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Even more than in the case of road cars, hydraulics play a fundamental role in the performance of a World Rally Car. Peugeot Sport's Chief Engineer, Michel Nanden explains...

In what ways are hydraulics used on the 307 WRC?

"Hydraulics serve mainly to control a package of mechanical functions with a view to making them more driver friendly. Whereas the emphasis in the case of a road car is essentially on driver comfort, the priority in competition, with the 307 WRC, is to save the driver time in the various functions he has to perform."

How does this apply in rallying?

"As on a road car, the brake system is obviously independent, but we also use hydraulics inside the shock absorbers we produce ourselves. As was previously the case with the 206 WRC, we use two completely independent hydraulic circuits, one exclusively for the power steering and the other for the other hydraulically operated features, i.e. the differentials, the gearbox and the anti-roll bars. Using distinct circuits means that a failure does not affect all the car's hydraulic functions. Also, should there be a problem with one of the systems, default modes mean that retirement is not automatic, although they don't prevent lots of time being lost if an incident does occur."

Why is it so costly in time terms when a WRC car has to run without power steering?

"Because all the steering kinetics are designed to function with hydraulic power-assistance. This enables us to use very advanced steering geometry for optimal results. If the system fails, however, the driver has to make a considerable physical effort which detracts from efficiency and precision."

Brakes are essentially operated by the driver, by pressing on the pedal. How are the other systems controlled?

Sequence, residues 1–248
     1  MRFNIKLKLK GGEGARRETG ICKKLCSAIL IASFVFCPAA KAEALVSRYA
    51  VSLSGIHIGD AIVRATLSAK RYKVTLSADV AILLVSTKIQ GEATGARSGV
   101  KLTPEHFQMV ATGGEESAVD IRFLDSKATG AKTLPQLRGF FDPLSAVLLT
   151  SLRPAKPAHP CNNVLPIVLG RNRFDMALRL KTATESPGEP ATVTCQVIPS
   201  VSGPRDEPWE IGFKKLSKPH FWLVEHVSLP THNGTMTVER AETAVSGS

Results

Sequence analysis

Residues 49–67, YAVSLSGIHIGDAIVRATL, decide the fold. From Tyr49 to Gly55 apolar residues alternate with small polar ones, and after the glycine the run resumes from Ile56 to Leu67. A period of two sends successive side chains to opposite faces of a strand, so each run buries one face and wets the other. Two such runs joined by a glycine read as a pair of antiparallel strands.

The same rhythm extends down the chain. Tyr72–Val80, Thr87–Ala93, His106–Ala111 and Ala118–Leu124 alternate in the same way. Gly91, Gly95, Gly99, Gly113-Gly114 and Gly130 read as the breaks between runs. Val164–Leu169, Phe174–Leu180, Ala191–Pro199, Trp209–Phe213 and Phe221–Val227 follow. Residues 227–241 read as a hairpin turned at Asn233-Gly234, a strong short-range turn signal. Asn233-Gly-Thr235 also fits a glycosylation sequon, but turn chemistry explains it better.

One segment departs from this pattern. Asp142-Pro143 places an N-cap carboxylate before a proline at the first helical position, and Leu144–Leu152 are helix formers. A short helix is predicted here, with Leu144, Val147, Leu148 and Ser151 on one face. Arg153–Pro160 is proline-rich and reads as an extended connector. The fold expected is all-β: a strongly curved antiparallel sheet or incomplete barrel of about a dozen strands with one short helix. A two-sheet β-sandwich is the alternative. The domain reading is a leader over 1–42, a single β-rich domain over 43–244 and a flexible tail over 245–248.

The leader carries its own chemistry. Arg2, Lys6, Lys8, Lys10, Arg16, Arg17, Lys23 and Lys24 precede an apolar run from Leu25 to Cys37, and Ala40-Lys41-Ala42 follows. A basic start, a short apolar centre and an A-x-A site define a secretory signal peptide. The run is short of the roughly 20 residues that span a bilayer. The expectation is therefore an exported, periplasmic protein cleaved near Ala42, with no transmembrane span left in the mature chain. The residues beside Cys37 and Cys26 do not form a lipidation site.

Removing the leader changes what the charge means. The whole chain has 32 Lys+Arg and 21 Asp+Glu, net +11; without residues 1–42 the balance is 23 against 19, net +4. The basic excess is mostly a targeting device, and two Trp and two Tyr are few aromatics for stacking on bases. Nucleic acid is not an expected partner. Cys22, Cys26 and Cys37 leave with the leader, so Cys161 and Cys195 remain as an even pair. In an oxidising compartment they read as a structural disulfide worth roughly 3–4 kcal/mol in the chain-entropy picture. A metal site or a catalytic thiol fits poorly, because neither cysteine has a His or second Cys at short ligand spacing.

"The brake system is based on a classic independent circuit. For the other hydraulically operated functions, the pressure is generated by a mechanical pump. An electrically-driven valve permits the hydraulic fluid to pass towards some actuators, generating more or less travel of the fluid within the system to achieve the required value. Electronics are primordial here. In rallying, they allow each setting to be modified according to the running conditions.

"A number of pre-determined functional modes are programmed into the car's ECU. This means, for example, that during a stage the driver can call on a selection of differential mappings, each of which controls the hydraulic pressure applied to the organ concerned. According to stage conditions, whether you're competing on asphalt, rough gravel or sheet ice, the servo power must keep the amount of effort that the driver has to apply to a minimum while at the same time leaving sufficient sensitivity for him to be able to 'feel' the car's response. It's a case of finding the right balance between acceleration, the angle of the steering wheel angle, speed, etc. A whole host of parameters are monitored by probes and transit via the ECU which in turn adjusts the electrical impulse that controls the appropriate hydraulic aperture."

Are some rallies more demanding than others for the system?

"When hydraulic pressure is generated, the fluid heats up. The rougher the terrain, the twistier it is, or the higher the ambient temperature, the more that is demanded to the steering. This is notably the case in Cyprus or Greece. That said, the fluids supplied by our lubricant partner, Total, do not in general pose a problem. Except for some small, specific enhancements, their specification is very similar to the fluids used on road cars, the basic quality of which is today excellent."

Was it not excessively high pressure that led to the troubles you have had on recent rallies?

"The regulations limit hydraulic pressure to 150 bar, which is less than that employed on many road cars. The steering problems we have had concern leaks in a number of places, but it's not a case of a holed pipe that will simply fail further down the line once the initial leak has been cured. We have a thorough understanding of this system which is directly derived from that used on the 206 WRC, and we didn't have a single problem in a full year of testing.


"Initially, we believed that the problem was due to a weakness of certain parts. But that isn't the case as it turns out. In fact, competing in rallies has revealed that the mechanicals of the 307 WRC subject to parasite vibrations, affect the reliability of certain components. For New Zealand, we have done all in our power to eradicate the problem."

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